- On the Dark Side – John Cafferty & The Beaver Brown Band
- Massachusetts, Arlo Guthrie (official Mass folk song)
- Massachusetts, Alton Ellis
- Sunshine, Jonathan Edwards (former summer resident of Cotuit)
- Baby, Let Me Follow You Down, Bob Dylan
- Twilight in Boston, Jonathan Richman
- Boston, The Dresden Dolls
- They Came to Boston, The Mighty, Mighty Bosstones
- Boston Stranger, Boston Strangler
- Boston, The Byrds
- Cannonball, The Breeders
Siege, Drop Dead
The Joe Perry Project
Sleepy LaBeef: Raynham resident, long time house band at Alan’s Truck Stop in Amesbury
Seth Putnam and any of his unspeakable bands
Tavares (Providence, RI but ended up in New Bej)
Ray LaMontagne – Nashua by birth, Massachusetts by residence now (I thought so)
Next steps: put this list in the right sequence per the advice given by John Cusack in High Fidelity about how the order of songs on a mix tape is as important as their selection.
“The making of a great compilation tape, like breaking up, is hard to do and takes ages longer than it might seem. You gotta kick off with a killer, to grab attention. Then you got to take it up a notch, but you don’t wanna blow your wad, so then you got to cool it off a notch. There are a lot of rules. “
Feel free to collaborate in the comment with suggestions or questions.
A long time ago my father’s oldest boyhood friend, Reid Higgins, presented him with a hand-carved wooden sign painted green with gilded letters in beveled quarterboard font that said “C H U R B U C K” surmounted by a rampant, gilded eagle facing “dexter” (or to the right.) For as long as I can remember it has been screwed into the southern side of the house’s front porch. It used to be a fall ritual during Columbus Day weekend to unscrew the eagle and sign and store it indoors for the winter. Since 1991, when I’ve lived in the house year round, the sign has stayed outdoors year round too. And lately it’s been showing a lot of wear and tear.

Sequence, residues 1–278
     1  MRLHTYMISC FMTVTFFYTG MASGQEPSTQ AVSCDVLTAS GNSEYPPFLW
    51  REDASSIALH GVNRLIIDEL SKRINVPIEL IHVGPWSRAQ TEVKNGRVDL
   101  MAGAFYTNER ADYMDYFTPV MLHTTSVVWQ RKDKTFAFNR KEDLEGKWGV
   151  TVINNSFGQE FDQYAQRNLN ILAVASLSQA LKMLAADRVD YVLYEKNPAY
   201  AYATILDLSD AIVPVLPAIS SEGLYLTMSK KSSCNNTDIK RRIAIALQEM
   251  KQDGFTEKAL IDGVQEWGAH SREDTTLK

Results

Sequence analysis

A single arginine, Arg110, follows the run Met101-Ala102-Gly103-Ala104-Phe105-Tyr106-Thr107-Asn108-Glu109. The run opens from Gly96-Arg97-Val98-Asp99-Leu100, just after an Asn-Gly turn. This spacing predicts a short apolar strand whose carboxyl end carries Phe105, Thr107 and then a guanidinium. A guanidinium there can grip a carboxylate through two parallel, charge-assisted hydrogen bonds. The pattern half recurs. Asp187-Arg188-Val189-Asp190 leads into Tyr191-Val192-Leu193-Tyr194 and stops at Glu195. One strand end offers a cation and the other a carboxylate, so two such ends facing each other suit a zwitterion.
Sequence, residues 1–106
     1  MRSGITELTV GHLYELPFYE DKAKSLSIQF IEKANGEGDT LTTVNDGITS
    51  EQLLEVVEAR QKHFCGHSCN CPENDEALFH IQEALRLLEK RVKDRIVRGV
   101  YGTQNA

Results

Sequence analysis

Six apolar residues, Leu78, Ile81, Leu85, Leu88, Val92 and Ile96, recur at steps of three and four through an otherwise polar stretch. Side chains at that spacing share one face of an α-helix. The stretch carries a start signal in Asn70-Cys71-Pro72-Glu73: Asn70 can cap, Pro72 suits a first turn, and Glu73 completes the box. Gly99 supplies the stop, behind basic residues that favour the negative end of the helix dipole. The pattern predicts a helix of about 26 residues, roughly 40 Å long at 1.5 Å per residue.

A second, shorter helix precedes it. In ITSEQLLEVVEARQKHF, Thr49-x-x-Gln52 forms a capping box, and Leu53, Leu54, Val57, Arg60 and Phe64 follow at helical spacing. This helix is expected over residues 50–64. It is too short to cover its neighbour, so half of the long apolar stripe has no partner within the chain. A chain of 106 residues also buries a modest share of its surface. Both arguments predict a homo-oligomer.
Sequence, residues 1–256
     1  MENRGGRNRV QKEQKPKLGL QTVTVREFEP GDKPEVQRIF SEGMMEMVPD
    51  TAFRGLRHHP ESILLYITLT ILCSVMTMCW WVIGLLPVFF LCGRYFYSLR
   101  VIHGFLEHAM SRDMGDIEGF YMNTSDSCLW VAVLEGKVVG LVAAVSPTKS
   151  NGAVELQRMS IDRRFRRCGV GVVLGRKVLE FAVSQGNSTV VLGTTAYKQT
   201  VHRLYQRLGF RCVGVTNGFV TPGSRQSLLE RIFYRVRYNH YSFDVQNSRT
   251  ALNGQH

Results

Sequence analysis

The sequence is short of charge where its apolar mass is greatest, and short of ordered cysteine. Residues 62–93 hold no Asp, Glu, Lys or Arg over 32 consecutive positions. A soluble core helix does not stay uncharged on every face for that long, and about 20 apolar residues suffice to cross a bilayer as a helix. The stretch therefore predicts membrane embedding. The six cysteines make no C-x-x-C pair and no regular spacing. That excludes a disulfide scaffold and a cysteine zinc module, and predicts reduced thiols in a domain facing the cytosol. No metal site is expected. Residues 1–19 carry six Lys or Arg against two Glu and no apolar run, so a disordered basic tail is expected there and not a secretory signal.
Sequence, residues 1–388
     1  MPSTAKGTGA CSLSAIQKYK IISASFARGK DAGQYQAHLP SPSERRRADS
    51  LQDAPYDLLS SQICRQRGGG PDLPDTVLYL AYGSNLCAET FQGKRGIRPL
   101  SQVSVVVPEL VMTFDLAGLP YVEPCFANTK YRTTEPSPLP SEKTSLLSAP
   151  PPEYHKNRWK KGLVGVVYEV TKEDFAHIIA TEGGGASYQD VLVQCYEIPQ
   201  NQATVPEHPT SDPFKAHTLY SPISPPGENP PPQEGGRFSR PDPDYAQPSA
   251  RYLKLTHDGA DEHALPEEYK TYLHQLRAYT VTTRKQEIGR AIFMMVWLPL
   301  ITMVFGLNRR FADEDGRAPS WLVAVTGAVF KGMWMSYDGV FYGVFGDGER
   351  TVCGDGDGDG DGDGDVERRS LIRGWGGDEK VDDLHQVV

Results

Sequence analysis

It has been cleaned up, re-gilded and re-painted, at least two times I know of, in the past forty or fifty years. My grandmother asked a local woman who restored picture frames to do it once, and Reid himself took it back to spruce it up a long time ago. A few weeks ago, on an impulse, I took it down and into the shop. It was much worse than I thought it would be. Other than a few shreds, almost all of the gilt had flaked off. The name board had barely any paint left on it with white primer dominating what was left of the weatherbeaten green.
This is how I brought it back to life for whomever gets to do it next time. It was a lot of fun, I learned something new and cool, and it kept me from going crazy over the frozen holidays.
I took a light wire brush wheel and a cordless Dremel and got most of the flaking paint off without over scouring the mahogamy Reid used to carve the eagle. The detailed feathering and layering of his carving is exquisite and I didn’t want to sand it down or otherwise dull the sharp definition of the plumage. I went over it quickly with the Dremel, then fine steel, followed by a light layer of paste paint remover. The paint on the top edge of the eagle wings, the crown of its head, and top of its beak was long gone, and years of sun and water and snow had caused deep grooving to occur in those areas along the grain line. The sign that forms the base was in worse condition, with similar grooving on the top edges and deep splits forming in the end grain on the right and left ends of the Churbuck sign.